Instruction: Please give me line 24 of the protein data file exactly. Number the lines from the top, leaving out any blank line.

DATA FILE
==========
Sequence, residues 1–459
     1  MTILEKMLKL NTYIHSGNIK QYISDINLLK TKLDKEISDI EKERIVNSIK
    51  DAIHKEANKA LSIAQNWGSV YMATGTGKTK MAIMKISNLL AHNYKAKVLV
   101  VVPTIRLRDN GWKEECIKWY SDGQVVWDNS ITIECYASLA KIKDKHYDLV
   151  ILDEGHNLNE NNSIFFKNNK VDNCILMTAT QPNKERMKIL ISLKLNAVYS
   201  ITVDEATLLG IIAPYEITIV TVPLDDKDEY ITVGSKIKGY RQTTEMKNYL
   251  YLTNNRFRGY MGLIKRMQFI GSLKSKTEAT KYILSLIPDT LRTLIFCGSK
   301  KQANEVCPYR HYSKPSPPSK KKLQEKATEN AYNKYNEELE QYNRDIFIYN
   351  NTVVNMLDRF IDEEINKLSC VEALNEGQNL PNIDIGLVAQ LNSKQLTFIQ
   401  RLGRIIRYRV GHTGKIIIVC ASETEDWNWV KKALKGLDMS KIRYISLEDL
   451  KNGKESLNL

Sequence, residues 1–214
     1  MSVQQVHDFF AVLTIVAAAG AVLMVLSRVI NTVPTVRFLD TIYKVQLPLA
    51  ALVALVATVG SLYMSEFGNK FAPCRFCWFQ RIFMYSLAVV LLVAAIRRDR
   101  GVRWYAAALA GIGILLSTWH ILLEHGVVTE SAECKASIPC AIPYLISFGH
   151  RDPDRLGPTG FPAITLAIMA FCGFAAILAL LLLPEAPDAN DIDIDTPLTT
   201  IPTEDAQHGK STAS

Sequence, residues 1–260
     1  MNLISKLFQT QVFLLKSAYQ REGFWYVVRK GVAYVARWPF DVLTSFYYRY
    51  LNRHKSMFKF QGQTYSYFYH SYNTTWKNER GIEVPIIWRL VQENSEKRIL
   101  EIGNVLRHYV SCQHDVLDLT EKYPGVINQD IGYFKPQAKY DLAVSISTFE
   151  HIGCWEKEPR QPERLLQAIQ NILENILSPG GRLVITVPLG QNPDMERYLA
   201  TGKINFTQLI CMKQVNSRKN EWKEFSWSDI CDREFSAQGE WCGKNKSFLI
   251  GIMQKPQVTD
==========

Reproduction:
   251  GIMQKPQVTD